Forgiveness is linked to better mental and physical health
Research has shown a powerful connection between forgiving others and our own wellbeing.
May 7, 2013 - Author: Carolyn Penniman, Michigan State University Extension
A growing body of research on forgiveness is finding that people who forgive are more likely than the general population to have fewer episodes of depression, lower blood pressure, fewer stress-related health issues, better immune system function and lower rates of heart disease.
Fred Luskin, Ph.D., is a practicing psychologist, the director of the Stanford University Forgiveness Projects, and a senior consultant in health promotion at Stanford University. He is also the author of Forgive for Good: A Proven Prescription for Health and Happiness, in which he offers a nine step forgiveness method that helps people move from being a victim, to a life of health and wellbeing. They are:
- Know exactly how you feel about what happened and be able to articulate what about the situation is not OK. Then, tell someone you trust about your experience.
- Make a commitment to yourself to do what you have to do to feel better. Forgiveness is for you and not for anyone else.
- Forgiveness does not necessarily mean reconciliation with the person that hurt you, or excusing their action. Forgiveness can be defined as the “peace and understanding that comes from blaming that which has hurt you less, taking the life experience less personally, and changing your grievance story.”
- Get the right perspective on what is happening. Recognize that your primary distress is coming from the hurt feelings, thoughts and physical upset you are suffering now, not what offended you or hurt you two minutes – or 10 years – ago. Forgiveness helps to heal those hurt feelings.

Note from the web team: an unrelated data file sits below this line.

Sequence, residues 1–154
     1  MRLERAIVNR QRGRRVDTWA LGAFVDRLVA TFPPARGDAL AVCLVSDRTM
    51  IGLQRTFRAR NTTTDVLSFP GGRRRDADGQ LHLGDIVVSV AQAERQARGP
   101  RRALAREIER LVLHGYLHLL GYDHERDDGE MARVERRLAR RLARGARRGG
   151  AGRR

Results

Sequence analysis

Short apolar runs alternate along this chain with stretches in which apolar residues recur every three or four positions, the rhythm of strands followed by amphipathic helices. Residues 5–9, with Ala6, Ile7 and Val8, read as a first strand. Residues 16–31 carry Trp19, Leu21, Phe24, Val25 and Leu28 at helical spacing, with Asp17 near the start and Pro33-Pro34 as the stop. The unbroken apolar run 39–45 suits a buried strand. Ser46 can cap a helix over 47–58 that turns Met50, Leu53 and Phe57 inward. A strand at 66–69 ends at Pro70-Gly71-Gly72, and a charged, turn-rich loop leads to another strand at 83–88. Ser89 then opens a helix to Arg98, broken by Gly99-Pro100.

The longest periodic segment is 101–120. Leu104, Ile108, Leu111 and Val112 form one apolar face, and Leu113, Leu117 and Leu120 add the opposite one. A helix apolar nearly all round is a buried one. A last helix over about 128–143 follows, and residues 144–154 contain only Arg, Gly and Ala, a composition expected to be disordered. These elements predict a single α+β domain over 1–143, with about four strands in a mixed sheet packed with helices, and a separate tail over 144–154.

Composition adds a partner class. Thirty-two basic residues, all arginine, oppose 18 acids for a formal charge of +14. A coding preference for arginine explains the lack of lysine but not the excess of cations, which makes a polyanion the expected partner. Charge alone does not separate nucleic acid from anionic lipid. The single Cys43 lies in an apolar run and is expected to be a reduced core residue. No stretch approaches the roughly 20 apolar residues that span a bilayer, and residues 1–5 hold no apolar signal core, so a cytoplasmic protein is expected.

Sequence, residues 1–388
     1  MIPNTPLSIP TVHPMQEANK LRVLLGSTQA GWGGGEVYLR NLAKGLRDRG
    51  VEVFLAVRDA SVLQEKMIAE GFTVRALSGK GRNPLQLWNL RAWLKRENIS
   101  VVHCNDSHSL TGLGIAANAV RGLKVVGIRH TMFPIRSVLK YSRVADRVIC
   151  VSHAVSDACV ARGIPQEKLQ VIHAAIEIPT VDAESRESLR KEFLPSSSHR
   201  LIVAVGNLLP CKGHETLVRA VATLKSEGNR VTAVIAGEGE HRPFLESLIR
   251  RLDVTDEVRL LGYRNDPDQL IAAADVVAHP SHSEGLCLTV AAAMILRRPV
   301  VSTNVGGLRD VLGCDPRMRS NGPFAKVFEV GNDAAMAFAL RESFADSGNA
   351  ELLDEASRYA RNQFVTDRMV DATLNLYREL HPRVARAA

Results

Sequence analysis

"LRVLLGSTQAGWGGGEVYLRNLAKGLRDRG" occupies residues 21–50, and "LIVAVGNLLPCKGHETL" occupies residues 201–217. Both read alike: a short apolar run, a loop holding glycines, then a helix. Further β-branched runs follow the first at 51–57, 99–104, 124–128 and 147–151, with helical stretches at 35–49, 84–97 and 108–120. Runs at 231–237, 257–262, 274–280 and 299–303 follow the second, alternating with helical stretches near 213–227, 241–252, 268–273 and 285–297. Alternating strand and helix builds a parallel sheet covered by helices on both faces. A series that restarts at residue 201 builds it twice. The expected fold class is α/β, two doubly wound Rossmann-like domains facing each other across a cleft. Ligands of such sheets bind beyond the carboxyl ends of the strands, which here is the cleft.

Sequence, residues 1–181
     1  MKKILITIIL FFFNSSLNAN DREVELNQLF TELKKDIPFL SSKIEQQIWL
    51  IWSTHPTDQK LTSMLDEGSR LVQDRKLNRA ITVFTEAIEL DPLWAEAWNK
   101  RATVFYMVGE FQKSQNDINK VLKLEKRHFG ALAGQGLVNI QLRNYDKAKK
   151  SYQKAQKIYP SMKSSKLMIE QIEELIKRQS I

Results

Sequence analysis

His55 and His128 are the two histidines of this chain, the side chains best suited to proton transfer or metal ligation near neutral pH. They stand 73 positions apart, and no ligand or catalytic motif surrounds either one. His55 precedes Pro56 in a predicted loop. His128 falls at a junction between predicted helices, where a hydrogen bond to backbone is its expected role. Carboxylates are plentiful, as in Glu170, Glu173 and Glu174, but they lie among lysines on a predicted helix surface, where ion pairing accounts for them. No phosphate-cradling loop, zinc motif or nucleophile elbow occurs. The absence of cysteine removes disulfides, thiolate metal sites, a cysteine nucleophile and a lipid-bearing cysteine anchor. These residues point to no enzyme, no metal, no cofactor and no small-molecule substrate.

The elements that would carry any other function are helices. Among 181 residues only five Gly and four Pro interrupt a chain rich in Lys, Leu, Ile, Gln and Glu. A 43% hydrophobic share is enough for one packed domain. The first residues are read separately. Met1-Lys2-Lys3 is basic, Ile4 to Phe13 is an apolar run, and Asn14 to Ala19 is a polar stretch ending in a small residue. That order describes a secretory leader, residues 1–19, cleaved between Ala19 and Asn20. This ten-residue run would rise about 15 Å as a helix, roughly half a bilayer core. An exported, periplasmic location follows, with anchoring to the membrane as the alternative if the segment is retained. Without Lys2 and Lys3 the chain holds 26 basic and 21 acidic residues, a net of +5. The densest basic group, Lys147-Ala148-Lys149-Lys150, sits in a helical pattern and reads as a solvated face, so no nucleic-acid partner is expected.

- At the moment you feel upset, practice a simple stress management technique to soothe your body’s flight or fight response.
- Give up expecting things from other people, or your life, that they do not choose to give you. Recognize the “unenforceable rules” you have in expectations about how you or other people must behave. Remind yourself that you can hope for health, love, peace and prosperity and work hard to get them.
- Put your energy into looking for another way to get your positive goals met than through the experience that has hurt you. Instead of mentally replaying your hurt, seek out new ways to get what you want.
- Remember that a life well lived is your best revenge. Instead of focusing on your wounded feelings, and thereby giving the person who caused you pain power over you, learn to look for the love, beauty and kindness around you. Forgiveness is about personal power.
- Amend your grievance story to remind you of the heroic choice to forgive.
The practice of forgiveness has been shown to reduce anger, hurt, depression and stress, and leads to greater feelings of hope, peace, compassion and self-confidence. Michigan State University Extension says that practicing forgiveness leads to healthy relationships as well as improved physical health and a positive attitude.